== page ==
The Republican candidate for state treasurer, state Rep. Tom Cross of Oswego, has a suggestion for Democratic Gov. Pat Quinn.
In a news release from his treasurer's campaign last week, Cross sent a letter to Quinn in which he “strongly” urged the governor to veto what Cross said is an “unbalanced and irresponsible” spending plan.
He also said that if he is elected treasurer, his first act will be to go to court to ask that the budget be declared unconstitutional because it is not balanced.
As a way of underscoring the fact that Cross voted against the much-criticized budget while his opponent, Sen. Mike Frerichs, D-Champaign, voted for it, OK. As a practical matter, not so much.
Quinn's options for dealing with the budget are pretty limited. A total veto, of course, would be out of the question. An override would require all 71 House Democrats to be on the same page, something they haven't shown all spring. Without an override, it would mean reopening the budget and whacking even more of it.
And the GOP? They didn't vote for the doomsday budget, and they didn't vote for the approved budget. And they haven't presented anything like a detailed alternative that shows how a proper spending plan (in their view) should be put together. It's like Republican gubernatorial candidate Bruce Rauner's concept adopted by 47 representatives.
Quinn may be left with accepting the assessment of state Rep. John Bradley, D-Marion, who said lawmakers did the best they could with the budget, considering that everyone was against everything.
Counterpunch to Cross
Frerichs offered his own counterpunch to Cross.
In a campaign news release, Frerichs said he voted for the budget because it preserves funding for vital areas such as education, health care, and so on.
However, to blunt any criticism of his budget vote, Frerichs said he won't pocket the extra money lawmakers will get next year by ending their unpaid furlough days. That's at least $3,100 for each lawmaker.
Wanna bet others follow suit?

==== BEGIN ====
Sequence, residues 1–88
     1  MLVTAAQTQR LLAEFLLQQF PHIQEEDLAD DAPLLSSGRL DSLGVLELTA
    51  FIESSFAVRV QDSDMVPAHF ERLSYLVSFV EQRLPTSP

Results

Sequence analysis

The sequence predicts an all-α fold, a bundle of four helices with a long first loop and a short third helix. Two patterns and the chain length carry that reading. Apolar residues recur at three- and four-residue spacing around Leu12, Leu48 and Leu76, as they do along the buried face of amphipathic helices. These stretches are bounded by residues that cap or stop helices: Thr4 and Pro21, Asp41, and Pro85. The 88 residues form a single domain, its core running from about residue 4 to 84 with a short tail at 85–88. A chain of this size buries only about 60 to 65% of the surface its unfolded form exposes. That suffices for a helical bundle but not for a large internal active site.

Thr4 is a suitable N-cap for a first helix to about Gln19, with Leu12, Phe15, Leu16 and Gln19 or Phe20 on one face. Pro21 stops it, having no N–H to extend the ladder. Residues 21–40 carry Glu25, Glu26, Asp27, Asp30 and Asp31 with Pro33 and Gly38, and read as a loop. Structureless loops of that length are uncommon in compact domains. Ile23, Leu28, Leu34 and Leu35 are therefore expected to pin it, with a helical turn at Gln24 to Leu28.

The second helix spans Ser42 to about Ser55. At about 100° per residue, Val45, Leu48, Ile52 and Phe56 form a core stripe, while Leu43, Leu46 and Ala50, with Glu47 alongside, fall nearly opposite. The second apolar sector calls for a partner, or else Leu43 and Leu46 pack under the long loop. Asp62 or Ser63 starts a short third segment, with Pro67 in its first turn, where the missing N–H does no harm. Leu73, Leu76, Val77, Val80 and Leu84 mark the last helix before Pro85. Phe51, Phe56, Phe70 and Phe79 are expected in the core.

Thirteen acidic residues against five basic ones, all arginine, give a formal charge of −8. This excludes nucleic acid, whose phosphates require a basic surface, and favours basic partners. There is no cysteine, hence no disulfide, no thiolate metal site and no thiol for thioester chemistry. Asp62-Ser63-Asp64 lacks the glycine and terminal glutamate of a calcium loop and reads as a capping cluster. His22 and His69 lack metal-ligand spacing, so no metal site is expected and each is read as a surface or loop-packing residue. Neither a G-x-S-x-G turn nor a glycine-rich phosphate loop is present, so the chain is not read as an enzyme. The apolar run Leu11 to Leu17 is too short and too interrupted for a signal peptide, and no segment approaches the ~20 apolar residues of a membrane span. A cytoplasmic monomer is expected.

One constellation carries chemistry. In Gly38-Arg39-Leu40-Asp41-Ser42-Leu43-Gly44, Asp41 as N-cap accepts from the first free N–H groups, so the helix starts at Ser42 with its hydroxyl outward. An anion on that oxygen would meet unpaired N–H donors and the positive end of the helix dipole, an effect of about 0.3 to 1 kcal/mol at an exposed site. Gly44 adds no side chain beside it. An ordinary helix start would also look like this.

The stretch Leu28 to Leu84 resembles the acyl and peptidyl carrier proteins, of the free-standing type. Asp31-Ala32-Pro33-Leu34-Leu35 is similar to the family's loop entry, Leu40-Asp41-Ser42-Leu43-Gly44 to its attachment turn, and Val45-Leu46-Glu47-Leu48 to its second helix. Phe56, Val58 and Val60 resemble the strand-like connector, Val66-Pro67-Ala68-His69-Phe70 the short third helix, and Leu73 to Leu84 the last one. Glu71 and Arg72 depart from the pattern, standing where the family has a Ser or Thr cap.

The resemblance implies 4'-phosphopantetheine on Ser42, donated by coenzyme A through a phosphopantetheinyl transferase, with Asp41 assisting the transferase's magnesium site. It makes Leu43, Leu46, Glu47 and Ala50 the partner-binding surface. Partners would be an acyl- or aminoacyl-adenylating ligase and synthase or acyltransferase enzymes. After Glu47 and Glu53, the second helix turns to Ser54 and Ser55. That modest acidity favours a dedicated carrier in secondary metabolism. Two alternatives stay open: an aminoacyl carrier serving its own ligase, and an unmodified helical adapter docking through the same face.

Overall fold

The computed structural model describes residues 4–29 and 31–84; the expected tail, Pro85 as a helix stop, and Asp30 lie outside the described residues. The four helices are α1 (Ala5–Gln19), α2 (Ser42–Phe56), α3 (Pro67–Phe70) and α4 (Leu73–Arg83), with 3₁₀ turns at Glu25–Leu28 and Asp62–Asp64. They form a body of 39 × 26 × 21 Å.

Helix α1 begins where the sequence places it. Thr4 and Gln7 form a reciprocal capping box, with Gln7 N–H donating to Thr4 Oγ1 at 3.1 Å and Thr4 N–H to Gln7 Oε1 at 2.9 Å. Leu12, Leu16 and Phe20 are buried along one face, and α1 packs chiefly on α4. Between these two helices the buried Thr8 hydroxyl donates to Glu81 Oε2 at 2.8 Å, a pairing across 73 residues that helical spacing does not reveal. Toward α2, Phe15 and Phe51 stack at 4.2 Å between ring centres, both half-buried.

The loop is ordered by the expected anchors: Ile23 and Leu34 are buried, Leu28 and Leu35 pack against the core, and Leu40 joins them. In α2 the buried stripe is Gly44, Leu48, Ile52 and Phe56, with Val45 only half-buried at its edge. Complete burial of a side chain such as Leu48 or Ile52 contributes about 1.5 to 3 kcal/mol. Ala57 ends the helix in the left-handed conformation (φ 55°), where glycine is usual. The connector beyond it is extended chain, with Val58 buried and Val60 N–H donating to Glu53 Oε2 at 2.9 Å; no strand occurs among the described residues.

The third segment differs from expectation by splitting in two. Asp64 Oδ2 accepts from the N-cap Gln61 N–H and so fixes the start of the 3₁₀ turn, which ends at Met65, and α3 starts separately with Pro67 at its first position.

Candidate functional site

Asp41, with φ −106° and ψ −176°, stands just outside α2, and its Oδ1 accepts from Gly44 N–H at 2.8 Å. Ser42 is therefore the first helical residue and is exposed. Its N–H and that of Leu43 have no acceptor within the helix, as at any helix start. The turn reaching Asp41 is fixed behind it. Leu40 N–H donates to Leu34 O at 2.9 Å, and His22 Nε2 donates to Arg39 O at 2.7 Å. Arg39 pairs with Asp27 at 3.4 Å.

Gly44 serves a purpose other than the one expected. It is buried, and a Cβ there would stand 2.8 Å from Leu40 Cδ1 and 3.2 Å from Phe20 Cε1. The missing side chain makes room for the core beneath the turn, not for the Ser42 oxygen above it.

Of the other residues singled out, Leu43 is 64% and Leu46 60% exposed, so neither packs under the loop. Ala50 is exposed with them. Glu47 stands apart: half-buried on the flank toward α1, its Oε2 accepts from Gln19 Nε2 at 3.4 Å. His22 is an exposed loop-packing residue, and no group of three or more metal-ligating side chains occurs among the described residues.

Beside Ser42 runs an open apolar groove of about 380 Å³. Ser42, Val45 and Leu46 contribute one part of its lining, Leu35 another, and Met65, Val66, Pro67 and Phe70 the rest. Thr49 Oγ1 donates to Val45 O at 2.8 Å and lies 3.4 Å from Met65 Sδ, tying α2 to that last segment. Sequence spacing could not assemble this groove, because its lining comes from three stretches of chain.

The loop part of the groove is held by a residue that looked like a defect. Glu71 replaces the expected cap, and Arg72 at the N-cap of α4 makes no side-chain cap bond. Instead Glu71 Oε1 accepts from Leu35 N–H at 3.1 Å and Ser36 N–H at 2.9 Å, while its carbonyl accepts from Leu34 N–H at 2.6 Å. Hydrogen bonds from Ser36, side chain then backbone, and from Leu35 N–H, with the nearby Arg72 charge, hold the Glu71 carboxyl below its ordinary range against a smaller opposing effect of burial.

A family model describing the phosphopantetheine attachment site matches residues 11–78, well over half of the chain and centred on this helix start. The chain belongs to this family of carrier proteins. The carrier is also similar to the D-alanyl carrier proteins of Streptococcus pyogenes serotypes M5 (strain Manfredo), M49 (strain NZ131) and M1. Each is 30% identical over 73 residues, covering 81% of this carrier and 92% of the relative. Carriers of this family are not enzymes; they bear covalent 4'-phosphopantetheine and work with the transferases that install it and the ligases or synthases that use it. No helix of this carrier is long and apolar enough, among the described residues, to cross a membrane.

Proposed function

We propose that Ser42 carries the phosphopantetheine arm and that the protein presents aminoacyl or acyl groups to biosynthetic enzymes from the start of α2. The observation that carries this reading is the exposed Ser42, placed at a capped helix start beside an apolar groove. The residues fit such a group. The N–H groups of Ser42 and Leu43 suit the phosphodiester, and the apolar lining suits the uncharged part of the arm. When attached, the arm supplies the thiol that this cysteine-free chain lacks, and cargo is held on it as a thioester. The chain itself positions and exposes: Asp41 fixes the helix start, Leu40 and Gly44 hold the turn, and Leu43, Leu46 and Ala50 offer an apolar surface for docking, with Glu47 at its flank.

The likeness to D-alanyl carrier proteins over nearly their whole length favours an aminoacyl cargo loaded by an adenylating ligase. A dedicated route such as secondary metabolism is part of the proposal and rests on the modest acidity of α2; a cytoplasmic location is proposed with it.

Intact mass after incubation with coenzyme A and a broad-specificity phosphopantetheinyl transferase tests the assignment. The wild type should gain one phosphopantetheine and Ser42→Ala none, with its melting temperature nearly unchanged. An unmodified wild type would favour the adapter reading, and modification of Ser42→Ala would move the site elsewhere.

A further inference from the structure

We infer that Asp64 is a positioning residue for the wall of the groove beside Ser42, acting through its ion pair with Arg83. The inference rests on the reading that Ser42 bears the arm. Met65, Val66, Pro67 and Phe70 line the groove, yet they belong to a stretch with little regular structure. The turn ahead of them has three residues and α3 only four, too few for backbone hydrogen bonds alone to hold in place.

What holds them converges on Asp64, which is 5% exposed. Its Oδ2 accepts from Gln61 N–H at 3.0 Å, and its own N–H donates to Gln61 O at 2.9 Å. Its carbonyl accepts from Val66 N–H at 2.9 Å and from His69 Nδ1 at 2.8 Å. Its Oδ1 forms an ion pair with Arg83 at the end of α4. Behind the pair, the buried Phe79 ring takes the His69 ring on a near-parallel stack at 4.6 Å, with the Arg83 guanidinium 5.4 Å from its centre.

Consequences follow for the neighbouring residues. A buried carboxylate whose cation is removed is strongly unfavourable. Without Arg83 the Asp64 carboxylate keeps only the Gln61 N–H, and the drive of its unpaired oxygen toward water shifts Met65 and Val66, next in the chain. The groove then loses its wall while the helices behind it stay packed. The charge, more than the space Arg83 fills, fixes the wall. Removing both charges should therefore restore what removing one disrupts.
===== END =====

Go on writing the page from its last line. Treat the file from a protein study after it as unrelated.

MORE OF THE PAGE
Belated credit to the Illinois Senate for showing that the General Assembly can act quickly when it wants to.
We have to go back to May 30. By early evening, the House had finished its work for the spring and was gone. The Senate, however, still had some business to tend to, including a vote on the new $1 billion capital plan for roads and bridges.
The problem for the Senate, though, was that the capital plan could not be voted on until the next day. Pesky thing, that Illinois Constitution.
By around 10:30 p.m., the Senate had finished work on everything except the capital bill. The last thing senators wanted to do was adjourn for the night and have to reassemble the next day to vote on just one bill. That was a bill, incidentally, that had strong support from lawmakers in both parties.
Senate President John Cullerton, D-Chicago, jokingly suggested the state could join the Eastern Time Zone for an hour to dispense with the capital bill. He then adjourned the Senate and told lawmakers to return at midnight so they could vote on the capital plan on May 31.
Now, on most occasions, the starting times for floor sessions of the House and Senate are more suggestions than an indication everyone will be in place and ready to start working. Not so this time.
At about 12:01 a.m., the chamber was gaveled to order. Sen. Dave Koehler, D-Peoria, a retired minister, gave the obligatory prayer to start the session, and away they went. By around 12:11 a.m., the Senate had approved the capital bill and was leaving the building.
By the way, Koehler, as he was about to deliver the prayer, wryly noted there probably hadn't been that many people on hand for an opening prayer since Inauguration Day.